Late Prime Minister Yitzhak Rabin called the settlers "a cancer" and warned against Israel's becoming an apartheid state in an interview recorded during his first term as prime minister in 1976.
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The recording was included in segments of a new film, titled "Rabin in His Own Words," which were screened on Israeli TV on Thursday night.
In the interview, parts of which he defined as "off the record," Rabin referred to the Gush Emunim movement, which began campaigning for Jewish settlement in the occupied territories in 1974.
"A settlement movement which is like a cancer in the social and democratic tissue of the state of Israel," Rabin said of Gush Emunim. "A group that takes the law into its own hands."
In other recordings, Rabin is heard warning against the potential damage that settlement could cause to Israel.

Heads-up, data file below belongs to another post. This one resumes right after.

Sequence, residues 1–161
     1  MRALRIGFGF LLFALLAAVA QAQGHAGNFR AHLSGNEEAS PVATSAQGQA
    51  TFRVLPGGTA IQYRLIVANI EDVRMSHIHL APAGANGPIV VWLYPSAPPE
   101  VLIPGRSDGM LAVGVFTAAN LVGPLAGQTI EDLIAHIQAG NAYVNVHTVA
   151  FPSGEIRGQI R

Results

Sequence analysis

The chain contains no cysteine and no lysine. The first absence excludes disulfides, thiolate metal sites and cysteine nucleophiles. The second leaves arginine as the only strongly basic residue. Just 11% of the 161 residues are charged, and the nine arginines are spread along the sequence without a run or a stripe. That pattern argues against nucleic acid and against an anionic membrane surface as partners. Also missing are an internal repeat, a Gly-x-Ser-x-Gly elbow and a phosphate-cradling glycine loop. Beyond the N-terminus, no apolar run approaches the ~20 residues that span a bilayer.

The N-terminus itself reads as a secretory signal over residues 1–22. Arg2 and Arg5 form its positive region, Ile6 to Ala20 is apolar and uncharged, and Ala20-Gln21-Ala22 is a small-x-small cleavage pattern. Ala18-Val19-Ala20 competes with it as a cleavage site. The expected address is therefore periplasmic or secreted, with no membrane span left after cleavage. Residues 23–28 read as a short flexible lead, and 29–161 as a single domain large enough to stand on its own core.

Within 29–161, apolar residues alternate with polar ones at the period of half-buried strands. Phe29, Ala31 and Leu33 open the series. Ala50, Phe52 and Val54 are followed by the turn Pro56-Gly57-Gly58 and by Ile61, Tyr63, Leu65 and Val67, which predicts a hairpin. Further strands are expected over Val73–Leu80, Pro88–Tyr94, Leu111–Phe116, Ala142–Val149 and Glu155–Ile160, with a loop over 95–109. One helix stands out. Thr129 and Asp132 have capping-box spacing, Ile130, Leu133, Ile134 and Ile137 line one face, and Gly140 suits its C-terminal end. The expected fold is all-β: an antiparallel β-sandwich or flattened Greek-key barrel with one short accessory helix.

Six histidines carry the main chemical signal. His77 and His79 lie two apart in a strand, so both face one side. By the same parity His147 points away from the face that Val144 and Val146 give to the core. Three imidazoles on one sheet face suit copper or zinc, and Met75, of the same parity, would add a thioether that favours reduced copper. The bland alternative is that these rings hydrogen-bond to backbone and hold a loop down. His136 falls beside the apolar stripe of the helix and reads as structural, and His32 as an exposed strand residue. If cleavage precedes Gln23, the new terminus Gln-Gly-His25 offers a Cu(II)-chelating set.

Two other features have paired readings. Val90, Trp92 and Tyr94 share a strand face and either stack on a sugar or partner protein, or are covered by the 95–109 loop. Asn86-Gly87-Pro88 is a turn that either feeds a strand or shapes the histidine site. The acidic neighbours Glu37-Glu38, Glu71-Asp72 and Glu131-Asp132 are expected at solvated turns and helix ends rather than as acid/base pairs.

"I can't say with certainty that we won't need to evacuate them," he said. "Because of the [Arab] population. I don't think it will be possible to [settle] over time, unless we want to get to apartheid, with a million-and-a-half Arabs inside the state of Israel. On that, I'm prepared to go to elections."
"With a historical perspective, people will question what Israel was doing in 1976. And in what a lousy and unimportant place. A mystical debate focused on the existential problem of the existence of Israel. It's unbelievable what is settlement anyway? What sort of struggle is it? What means?"
The film "Rabin in his own words," which will be screened on the twentieth anniversary of Rabin's assassination. They were recorded by Rabin's press secretary Ron Patir.
The interview isn't the only known instance of Rabin referring to the settlements as "cancer." In his 1979 memoir, "Pinkas Sherut" ("service book"), Rabin referred to the Gush Emunim group as a "cancer in the body of Israeli democracy."